Articles
Companies

Home / INTERVIEWS / Face to face: Berk Pasinler, Emirates Buildings

Face to face: Berk Pasinler, Emirates Buildings

by Michael Fahy on Apr 19, 2014




RELATED ARTICLES: 3D Abu Dhabi model to be created | Jotun Paints creates 3D pond through art project | Abu Dhabi safety regulations lead the way

RELATED ARTICLES: 3D Abu Dhabi model to be createdJotun Paints creates 3D pond through art projectAbu Dhabi safety regulations lead the way

Berk Pasinler, the general manager of Abu Dhabi-based Emirates Buildings and its sister company Dome General Contracting, has a lot of confidence in his firm’s product – a 3D system of building panels used in low-cost housing that can be cut to defined shapes on site.

The system is made from a polystyrene insulation core bound by either stainless steel or galvanised iron wires. These can then be either coated in precast concrete or sprayed with concrete pumps on site, offering a range of advantages over traditional block works.

Indeed, his belief in its potential knows no bounds, with demand for low-cost housing rocketing across the region. His firm, whose product has already been used to build over 2,000 villas in Abu Dhabi and Al Ain, is not only looking to grow its footprint in the UAE by opening in Dubai, but seeking partners in Saudi Arabia, selling to Uganda and targeting opportunities in Kenya and Tanzania. It even has a developer’s licence and could move into building low-cost homes itself.

The only thing thwarting Pasinler’s ambitions at the moment appears to be money. The company, which was set up in 2000, operates a factory of around 100m x 100m in the Musaffah industrial area of Abu Dhabi, close to United Precast Concrete’s base.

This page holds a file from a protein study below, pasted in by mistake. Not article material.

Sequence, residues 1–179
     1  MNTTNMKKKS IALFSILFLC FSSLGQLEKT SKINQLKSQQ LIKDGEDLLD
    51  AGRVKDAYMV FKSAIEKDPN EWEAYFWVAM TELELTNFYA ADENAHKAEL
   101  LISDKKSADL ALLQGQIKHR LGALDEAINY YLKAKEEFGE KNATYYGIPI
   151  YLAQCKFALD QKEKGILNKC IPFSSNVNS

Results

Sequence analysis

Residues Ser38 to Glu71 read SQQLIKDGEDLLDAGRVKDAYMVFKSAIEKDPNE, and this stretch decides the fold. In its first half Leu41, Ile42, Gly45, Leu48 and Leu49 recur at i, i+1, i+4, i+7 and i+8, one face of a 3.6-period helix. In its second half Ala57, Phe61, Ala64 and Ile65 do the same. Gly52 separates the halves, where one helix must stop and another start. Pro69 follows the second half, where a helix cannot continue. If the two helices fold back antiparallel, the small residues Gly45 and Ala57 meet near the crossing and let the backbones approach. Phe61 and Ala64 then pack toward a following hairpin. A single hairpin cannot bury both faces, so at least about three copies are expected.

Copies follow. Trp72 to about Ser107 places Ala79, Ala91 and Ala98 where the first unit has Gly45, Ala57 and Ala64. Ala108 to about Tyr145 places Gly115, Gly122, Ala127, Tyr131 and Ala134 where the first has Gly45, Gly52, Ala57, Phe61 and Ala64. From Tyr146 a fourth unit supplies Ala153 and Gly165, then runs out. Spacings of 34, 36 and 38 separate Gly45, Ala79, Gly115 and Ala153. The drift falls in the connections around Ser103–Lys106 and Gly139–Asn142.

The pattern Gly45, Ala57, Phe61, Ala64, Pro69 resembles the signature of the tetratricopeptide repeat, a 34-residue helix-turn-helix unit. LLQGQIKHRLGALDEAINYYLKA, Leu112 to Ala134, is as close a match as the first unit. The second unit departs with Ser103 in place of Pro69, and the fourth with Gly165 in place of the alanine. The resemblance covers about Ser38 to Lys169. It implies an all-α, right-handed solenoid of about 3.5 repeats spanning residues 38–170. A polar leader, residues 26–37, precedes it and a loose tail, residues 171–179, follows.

It has a capacity to produce enough units to make around five villas per day, or close to 2,000 a year.

Some of these systems are then used by its own contracting arm, Dome General Contracting, on villa projects containing 10 units or more.

Smaller orders (including those for single villa projects) are handled by a number of qualified sub-contractors.

The firm is currently in negotiations with a developer of a national housing project to supply up to 3,000 units. To deliver this and other ambitions, however, Pasinler is going to have to convince the company’s current broad base of shareholders to reinvest.

Emirates Buildings employs around 500 staff. When asked for a turnover figure, Pasinler declines to give one, saying it is “not an indication of our success”.

He said that profitability is his target, as it has a base of 75 different shareholders to whom it needs to pay dividends. All of these are Emirati nationals.

“And very high-profile people,” he adds. “We have some from the Royal Family, and we have some from some very wealthy people – in Abu Dhabi and Dubai.”

He argues that the company can be judged as a success because whatever initial capital had been invested into the business had been paid back in cash to shareholders over a ten-year period.

“My aim is to reduce this to seven years,” he says.

However, for now he needs more capital, and is hoping that at the company’s general meeting in June he can convince shareholders to fund growth plans, as he believes the product has a lot to offer in terms of affordability and sustainability.

Its conventional system, which is covered with concrete on site, is light enough for the component parts of a single villa to be loaded into a container. It is already shipping to Uganda, where it was one of only three firms chosen from a shortlist of 40 by the Ugandan government for building low-cost housing.

Article continued on next page...



Advertisement




Articles
Companies